The brain regions activated specifically by planning included areas of frontal association cortex (DLPFC and frontopolar cortex) and posterior parietal cortex, in keeping with previous imaging studies using the TOL in healthy subjects (Baker et al., 1996; Owen et al., 1996; Dagher et al., 1999; Lazeron et al., 2000; Newman et al., 2003; Schall et al., 2003; van den Heuvel et al., 2003) and PD patients (Owen et al., 1998; Dagher et al., 2001). In our study, prefrontal activation was lateralized to the right hemisphere, although previous findings regarding laterality of function during the TOL have been inconsistent. Newman et al. (2003) specifically investigated this issue and concluded that the right PFC has a strategic role in constructing the plan for solving the TOL problem, whereas the left DLPFC has a supervisory role in plan execution. Such an explanation might account for the predominantly right-sided DLPFC activation observed during studies using a one-touch version of the TOL such as this one (Baker et al., 1996; Lazeron et al., 2000; van den Heuvel et al., 2003), in which the execution stage is minimized. Furthermore, interstudy differences between control tasks are likely to account for disparities in activation patterns: the demands placed on the left PFC by our control task may have been comparable with those of the TOL.
The COMT-dependent changes in cortical activity observed here were region specific, implying a localized rather than generalized effect on neuronal activation. An effect in the PFC was anticipated given the well established finding that COMT predominantly influences dopamine levels in this region. We also observed a significant effect of genotype on posterior parietal activation, which is not altogether surprising, given that prefrontal and posterior parietal regions are consistently coactivated during planning tasks. Newman et al. (2003) have demonstrated functional connectivity between the right DLPFC and bilateral superior parietal cortices, which is modulated by task difficulty, thus COMT-dependent alteration in activity in the right PFC would be expected to produce a yoked change in parietal activity. Furthermore, in the human brain, unlike the rodent brain, the parietal cortex receives significant dopaminergic innervation (Berger et al., 1991; Hurd et al., 2001), hence COMT may well have a direct influence on parietal activation, although such an effect is not apparent in animal models. Finally, while considering the anatomical basis of the COMT effect, we should point out that although a direct effect of genotype on cortical activation seems likely, it is possible that the polymorphism exerts some of its effects subcortically through modulating midbrain dopamine synthesis (Akil et al., 2003; Meyer-Lindenberg et al., 2005). Our data do not suggest a genotypic effect on striatal function, however, which would argue against this theory.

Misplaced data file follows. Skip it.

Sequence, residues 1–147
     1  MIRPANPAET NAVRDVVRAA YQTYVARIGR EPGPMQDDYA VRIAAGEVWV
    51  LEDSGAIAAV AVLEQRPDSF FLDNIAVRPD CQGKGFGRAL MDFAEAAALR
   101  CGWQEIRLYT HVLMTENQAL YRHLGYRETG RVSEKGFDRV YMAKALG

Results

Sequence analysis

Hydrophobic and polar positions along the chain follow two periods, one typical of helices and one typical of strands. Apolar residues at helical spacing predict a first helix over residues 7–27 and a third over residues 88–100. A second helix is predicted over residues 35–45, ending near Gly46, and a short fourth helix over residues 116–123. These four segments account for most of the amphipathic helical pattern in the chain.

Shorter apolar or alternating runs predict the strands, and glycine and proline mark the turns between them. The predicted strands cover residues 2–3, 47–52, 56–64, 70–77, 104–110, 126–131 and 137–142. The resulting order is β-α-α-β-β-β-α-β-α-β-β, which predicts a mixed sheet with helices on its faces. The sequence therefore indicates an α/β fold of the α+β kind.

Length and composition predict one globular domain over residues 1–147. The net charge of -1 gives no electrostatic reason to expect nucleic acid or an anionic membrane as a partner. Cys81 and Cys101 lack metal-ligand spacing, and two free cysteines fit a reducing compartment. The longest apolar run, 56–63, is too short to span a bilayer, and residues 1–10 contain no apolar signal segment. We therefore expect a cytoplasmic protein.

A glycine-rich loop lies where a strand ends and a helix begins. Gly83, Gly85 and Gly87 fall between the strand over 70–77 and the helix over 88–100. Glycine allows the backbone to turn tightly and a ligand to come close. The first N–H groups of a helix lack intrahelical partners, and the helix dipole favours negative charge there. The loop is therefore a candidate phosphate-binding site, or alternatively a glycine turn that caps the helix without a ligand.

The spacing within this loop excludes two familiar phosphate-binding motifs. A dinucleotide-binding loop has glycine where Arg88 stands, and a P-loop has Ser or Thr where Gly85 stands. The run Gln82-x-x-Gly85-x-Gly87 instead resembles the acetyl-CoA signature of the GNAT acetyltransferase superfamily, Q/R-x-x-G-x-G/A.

The apparent underactivation of the frontoparietal network in met compared with val homozygotes is in keeping with the directionality of the behavioral differences between genetic subgroups observed here and in our previous behavioral study. The latter demonstrated that response accuracy on a similar one-touch version of the TOL was impaired with an increasing number of met alleles in a cohort of 288 patients (Foltynie et al., 2004b). The behavioral differences reported here are more subtle, with a clear disparity in terms of response times (p = 0.039) but only a trend toward reduced accuracy in met compared with val homozygotes, which did not reach significance. This is probably a consequence of relatively small subgroup sizes and subgroup matching in terms of global cognitive ability and IQ to minimize confounding influences. Furthermore, functional imaging might provide a more powerful method of detecting genotypic differences in brain function than behavioral testing (Goldberg and Weinberger, 2004), with important implications for future explorations of genetic influences on cognitive processing.